The area of Athytos has been uninterruptedly settled for at least
5000 years. Around the middle of the 8th century B.C. settlers from Euboea
arrived. Aphytis, one of the most significant cities in Pallini
(the ancient name of Cassandra), is mentioned by the ancient writers Herodotus,
Thucydides, Xenophon, Aristotle, Pausanias, and Strabo among others.
The city became well known for its Temple of Dionysus, which appears to have been built in the second half of the 8th century B.C. In the same area stood the Temple of Ammon Zeus, whose few remaining ruins date to the 4th century B.C. structure.
The Temple of Dionysus, which dates to the Euboean settlement, and the growth of Aphytis are mentioned for the first time by Xenophon in his "Hellenica". In 381 B.C. Agesipolis, king of the Lacedaemonians, besieged Torone. During the siege he suffered serious burns, and asked to be taken to the "shady lodgings and sparkling waters" of the Temple of Dionysus, where, according to Xenophon, Agesipolis died a week later. He was placed in a storage jar full of honey and taken to his homeland for the official burial.
During archaic and classical times Aphytis was a prosperous city, minting its own coins, which depicted the head of its patron, Ammon Zeus, the city's economy appears to have been mainly based on farming and vine-culture. Aristotle mentions the "agricultural law" of the Aphytians, a special, singular and interesting chapter in the history of ancient Greek public finances.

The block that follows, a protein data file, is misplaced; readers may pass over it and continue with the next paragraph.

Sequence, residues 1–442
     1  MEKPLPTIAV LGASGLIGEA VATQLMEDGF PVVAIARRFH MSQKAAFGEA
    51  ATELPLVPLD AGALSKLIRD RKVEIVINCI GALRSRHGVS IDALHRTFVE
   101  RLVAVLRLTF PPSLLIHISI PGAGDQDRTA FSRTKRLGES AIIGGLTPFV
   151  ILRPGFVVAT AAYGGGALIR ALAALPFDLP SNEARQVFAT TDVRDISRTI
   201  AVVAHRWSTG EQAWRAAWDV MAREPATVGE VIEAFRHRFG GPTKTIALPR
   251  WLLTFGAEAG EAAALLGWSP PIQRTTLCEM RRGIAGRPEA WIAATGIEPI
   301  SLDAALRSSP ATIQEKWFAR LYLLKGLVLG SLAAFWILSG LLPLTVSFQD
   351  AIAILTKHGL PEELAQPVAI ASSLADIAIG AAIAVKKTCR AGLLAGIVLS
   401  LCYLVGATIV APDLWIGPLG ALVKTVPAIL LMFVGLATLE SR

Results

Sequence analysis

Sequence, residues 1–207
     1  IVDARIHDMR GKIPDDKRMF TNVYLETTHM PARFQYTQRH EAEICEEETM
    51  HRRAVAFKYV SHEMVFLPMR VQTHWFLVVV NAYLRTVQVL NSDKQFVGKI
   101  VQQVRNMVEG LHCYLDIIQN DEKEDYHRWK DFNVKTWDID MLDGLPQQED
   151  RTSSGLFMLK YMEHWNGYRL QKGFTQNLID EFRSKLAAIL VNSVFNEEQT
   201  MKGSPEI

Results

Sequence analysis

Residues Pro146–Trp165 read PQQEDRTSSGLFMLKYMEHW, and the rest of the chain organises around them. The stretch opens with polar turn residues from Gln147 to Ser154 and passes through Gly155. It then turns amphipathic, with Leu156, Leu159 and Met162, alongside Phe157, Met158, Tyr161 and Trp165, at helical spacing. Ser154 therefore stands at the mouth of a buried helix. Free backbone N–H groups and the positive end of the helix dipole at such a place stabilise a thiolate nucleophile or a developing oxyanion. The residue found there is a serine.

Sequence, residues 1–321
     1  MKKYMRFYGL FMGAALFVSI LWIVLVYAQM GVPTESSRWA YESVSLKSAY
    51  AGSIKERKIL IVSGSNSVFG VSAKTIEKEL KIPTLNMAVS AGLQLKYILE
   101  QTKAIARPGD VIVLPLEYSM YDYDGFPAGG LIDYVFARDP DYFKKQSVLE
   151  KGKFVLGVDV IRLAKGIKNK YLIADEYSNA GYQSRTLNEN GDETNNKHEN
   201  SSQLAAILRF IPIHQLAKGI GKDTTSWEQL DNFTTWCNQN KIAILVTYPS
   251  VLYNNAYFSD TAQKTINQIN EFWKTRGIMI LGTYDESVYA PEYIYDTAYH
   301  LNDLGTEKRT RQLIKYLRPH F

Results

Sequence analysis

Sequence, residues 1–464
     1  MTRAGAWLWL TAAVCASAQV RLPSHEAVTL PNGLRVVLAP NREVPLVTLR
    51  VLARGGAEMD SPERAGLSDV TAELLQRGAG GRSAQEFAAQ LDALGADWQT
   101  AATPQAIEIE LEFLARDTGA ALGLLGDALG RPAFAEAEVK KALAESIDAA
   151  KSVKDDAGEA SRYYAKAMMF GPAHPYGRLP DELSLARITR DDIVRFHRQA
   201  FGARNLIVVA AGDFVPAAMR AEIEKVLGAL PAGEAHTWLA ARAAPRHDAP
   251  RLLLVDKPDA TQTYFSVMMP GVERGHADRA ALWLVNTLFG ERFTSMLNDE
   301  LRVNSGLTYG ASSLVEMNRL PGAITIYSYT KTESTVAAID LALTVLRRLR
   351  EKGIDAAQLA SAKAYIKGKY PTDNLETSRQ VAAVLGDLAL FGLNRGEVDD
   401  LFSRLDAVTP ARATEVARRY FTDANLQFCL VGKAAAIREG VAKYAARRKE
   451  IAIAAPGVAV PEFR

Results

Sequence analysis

Shipping must have played an important role in the economy of Aphytis if one is to judge by the size of its port, now silted up, which lies in the area of the small pine forest along the beach.
According to Herodotus, during the Persian Wars (5th cent. B.C.) Aphytis was forced to support Xerxes sending soldiers and ships, as did other cities in Chalkidiki. However, it revolted against the Persians after the Battle of Plataea (479 B.C.) and joined the Athenian Confederacy. As a member of the Confederacy, Aphytis paid three talents annually to the Temple of Delos, a substantial sum for that time.
An Athenian "resolution" found in Athytos gives a picture of the relations between Aphytis and Athens. This resolution, dated 423 B.C. gave directions concerning the minting of cons and currency relations in general.
As a result of joining the Athenian Confederacy, Aphytis was besieged during the Peloponnesian War by the Lacedaemonian general Lysander. According to Pausanias, the patron of Aphytis, Ammon Zeus, appeared in a dream to Lysander and urged him to raise the siege, which he did.
It is likely that Aphytis was destroyed by Philip of Macedon in 348 B.C., as were the rest of the cities in Chalkidiki. However, the construction of the Temple of Ammon Zeus during the second half of the 4th cent. B.C. implies that the city was prosperous. It has also been suggested that the Macedonian kings contributed to the construction of the temple. During Hellenistic and Roman times the city minted coins again; an event possibly related to the fame of the Temple of Ammon Zeus. Strabo mentions Aphytis among the five cities, which existed in Pallini in the first century B.C. (Cassandrea, Aphytis, Mendi, Scioni and Sani).
(text: Gerakina N. Mylona)
This text (extract) is cited November 2003 from the Community of Athytos tourist pamphlet (1994).
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